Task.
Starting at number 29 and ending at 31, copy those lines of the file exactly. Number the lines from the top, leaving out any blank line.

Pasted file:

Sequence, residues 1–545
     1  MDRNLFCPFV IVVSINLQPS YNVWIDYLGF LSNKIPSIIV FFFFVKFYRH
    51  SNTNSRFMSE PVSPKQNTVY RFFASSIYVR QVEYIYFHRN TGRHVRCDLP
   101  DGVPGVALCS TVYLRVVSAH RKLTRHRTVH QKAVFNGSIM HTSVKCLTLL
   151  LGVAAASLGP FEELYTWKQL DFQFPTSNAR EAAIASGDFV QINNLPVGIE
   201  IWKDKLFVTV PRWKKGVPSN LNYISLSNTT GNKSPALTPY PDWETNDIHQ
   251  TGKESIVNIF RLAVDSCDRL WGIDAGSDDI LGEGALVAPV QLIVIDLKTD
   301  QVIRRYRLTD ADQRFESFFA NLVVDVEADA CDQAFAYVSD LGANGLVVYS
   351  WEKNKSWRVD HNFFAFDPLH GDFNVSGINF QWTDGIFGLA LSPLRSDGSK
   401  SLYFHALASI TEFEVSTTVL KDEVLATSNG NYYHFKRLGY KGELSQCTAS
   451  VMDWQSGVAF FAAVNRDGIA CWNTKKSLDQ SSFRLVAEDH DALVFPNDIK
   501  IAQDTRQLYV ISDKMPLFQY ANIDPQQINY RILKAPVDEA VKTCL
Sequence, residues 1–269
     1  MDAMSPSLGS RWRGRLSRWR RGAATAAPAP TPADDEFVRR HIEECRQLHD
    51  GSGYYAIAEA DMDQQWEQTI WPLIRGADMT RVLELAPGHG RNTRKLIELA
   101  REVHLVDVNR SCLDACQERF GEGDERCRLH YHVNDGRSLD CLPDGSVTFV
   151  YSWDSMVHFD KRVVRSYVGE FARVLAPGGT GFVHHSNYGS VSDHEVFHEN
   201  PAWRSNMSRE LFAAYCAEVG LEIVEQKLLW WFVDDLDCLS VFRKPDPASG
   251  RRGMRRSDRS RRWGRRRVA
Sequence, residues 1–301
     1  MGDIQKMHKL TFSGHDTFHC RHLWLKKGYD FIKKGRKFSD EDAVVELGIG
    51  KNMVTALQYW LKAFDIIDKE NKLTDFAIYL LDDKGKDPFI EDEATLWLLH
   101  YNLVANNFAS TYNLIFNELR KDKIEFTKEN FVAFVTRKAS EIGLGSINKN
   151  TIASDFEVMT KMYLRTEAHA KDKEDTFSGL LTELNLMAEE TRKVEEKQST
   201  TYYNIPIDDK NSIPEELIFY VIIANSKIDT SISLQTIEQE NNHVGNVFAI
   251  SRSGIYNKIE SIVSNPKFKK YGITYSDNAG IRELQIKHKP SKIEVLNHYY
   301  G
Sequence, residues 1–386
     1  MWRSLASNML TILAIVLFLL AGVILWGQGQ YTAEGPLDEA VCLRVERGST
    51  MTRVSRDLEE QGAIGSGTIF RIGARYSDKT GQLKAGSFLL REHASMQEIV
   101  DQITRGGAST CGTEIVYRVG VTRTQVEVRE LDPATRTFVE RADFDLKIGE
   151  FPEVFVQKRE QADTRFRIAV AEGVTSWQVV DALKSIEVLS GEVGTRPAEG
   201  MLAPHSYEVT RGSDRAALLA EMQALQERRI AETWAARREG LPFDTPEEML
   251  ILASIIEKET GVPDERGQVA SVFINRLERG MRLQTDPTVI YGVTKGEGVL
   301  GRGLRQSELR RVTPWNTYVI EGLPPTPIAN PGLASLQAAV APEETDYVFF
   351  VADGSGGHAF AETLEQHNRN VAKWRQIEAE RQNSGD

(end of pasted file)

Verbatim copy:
     1  MWRSLASNML TILAIVLFLL AGVILWGQGQ YTAEGPLDEA VCLRVERGST
    51  MTRVSRDLEE QGAIGSGTIF RIGARYSDKT GQLKAGSFLL REHASMQEIV
   101  DQITRGGAST CGTEIVYRVG VTRTQVEVRE LDPATRTFVE RADFDLKIGE